When individuals face homicide accusations or charges in Georgia, they may not understand the differences between murder and manslaughter and what prosecutors need to prove.
Although every jurisdiction is different when it comes to what needs to be proven to convict on charges of homicide, in Georgia, if the homicide in question was not done with malice aforethought or during the commission of a felony, then a person will likely face charges of manslaughter.
There are two main classifications of manslaughter, voluntary and involuntary manslaughter, and each carry different penalties.
In Georgia there are two kinds of involuntary manslaughter, namely an unintentional killing during the commission of an unlawful act and an unintentional killing during a lawful act.
A person commits involuntary manslaughter in the commission of an unlawful act when they cause the death of another without any intention to do so during the commission of any unlawful act that is not a felony. A person may be sentenced for this crime from 1 to 10 years in prison.
A person commits involuntary manslaughter in the commission of a lawful act when he causes the death of another without any intention to do so when committing a lawful act in an unlawful manner that is likely to cause death or great bodily harm. A person convicted of this crime may be sentenced as a misdemeanor.
With voluntary manslaughter, an individual does actually intend to kill another person. Voluntary manslaughter is not premeditated or planned. Rather the killing is done in the “heat of passion” or solely as the result of a sudden, violent, and irresistible passion resulting from serious provocation sufficient to excite such passion in a reasonable person. Voluntary manslaughter is punishable by a sentence between 1 and 20 years in prison. A person who returns home from work, finds their spouse intimately involved with another person, and acts out is one example of a killing involving heat of passion.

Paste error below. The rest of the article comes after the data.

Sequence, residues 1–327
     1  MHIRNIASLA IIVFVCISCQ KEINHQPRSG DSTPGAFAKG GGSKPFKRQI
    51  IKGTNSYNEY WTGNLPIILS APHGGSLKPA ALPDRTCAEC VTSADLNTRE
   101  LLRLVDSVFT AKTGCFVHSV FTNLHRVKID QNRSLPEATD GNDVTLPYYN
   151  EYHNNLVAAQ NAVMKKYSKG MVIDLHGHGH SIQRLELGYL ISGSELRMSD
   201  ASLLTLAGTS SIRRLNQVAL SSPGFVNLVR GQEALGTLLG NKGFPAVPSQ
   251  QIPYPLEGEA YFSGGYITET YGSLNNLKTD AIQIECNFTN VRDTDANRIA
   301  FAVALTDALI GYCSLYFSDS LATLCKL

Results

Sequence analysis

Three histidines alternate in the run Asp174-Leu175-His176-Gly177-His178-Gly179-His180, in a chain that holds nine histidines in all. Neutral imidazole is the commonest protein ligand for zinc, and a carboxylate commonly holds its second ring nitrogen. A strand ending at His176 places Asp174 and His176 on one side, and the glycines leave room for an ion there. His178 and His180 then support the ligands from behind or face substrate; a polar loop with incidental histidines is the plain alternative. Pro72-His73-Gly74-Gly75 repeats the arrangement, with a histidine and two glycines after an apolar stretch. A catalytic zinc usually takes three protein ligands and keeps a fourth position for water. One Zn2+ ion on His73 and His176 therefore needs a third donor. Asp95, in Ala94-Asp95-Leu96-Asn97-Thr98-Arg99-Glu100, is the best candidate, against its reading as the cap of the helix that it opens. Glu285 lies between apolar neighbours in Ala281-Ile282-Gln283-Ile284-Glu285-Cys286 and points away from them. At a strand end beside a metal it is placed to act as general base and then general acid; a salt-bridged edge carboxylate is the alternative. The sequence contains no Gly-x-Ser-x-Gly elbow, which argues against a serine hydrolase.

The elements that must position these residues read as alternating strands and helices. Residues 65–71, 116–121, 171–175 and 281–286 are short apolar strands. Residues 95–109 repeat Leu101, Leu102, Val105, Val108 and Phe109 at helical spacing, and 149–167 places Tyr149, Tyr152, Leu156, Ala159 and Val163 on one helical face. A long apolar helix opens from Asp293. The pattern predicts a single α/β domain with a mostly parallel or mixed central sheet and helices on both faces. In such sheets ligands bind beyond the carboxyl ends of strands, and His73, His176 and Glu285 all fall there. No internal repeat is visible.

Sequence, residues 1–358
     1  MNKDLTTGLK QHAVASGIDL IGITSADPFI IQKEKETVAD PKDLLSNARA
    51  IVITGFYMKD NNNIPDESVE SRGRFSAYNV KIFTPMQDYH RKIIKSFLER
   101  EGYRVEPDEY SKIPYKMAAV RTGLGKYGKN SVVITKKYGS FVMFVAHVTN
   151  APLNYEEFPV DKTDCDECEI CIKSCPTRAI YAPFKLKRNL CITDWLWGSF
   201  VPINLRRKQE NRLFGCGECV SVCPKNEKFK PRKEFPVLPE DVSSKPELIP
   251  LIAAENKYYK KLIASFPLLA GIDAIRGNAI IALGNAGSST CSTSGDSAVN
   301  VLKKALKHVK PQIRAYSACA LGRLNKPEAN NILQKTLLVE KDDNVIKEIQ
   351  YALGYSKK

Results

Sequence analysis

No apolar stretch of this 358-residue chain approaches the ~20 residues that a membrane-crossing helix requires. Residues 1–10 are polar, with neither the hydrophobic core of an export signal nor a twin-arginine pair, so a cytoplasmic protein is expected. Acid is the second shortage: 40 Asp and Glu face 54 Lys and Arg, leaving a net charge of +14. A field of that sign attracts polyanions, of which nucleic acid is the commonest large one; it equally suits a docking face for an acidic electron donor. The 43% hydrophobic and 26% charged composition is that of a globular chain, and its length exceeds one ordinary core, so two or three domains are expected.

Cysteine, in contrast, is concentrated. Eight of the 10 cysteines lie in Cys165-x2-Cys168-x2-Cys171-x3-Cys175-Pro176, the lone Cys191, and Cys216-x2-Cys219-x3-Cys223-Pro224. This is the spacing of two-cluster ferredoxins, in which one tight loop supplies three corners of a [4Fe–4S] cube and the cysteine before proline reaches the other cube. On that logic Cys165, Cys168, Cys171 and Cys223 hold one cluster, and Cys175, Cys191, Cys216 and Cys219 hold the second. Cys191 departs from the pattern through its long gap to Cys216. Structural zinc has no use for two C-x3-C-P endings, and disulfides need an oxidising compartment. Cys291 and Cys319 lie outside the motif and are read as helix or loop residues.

There are two types of Vehicular Homicide. Vehicular homicide in the first degree is committed when a person is driving and acts without malice aforethought while overtaking a school bus, engaged in reckless driving, DUI, fleeing or attempting to elude a police officer or leaves the scene of an accident. Vehicular Homicide in the first degree is punishable by a sentence between 3 and 15 years in prison.
Second degree vehicular homicide occurs when a person causes the death of another without an intention to do so by violating a traffic law not listed in Vehicular Homicide in the first degree. Second degree vehicular homicide is a misdemeanor.
Charges involving murder in Georgia involve both intent and malice. Like manslaughter, there are different classifications of murder.
Malice murder is when a person acts with malice aforethought and causes the death of another person. An individual will likely face malice murder charges if there is no considerable provocation and where the circumstances show an abandoned and malignant heart.
Felony murder occurs when an individual is committing a felony (such as robbery) and someone dies. A person does not have to intend to kill another person to be guilty of felony murder.
Second-degree murder occurs when a person causes the death of another while in the commission of cruelty to children in the second degree. Actual malice is not required for this charge of murder.
Penalties for malice murder and felony murder in the state of Georgia vary from life in prison to death for capital first-degree murder. The penalty for second-degree murder is not less than 10 years and not more than 30 years to serve in prison.
It’s important to know that, even if a killing occurred, it may be justified. Defense like self-defense have and can acquit a person of manslaughter or murder charges.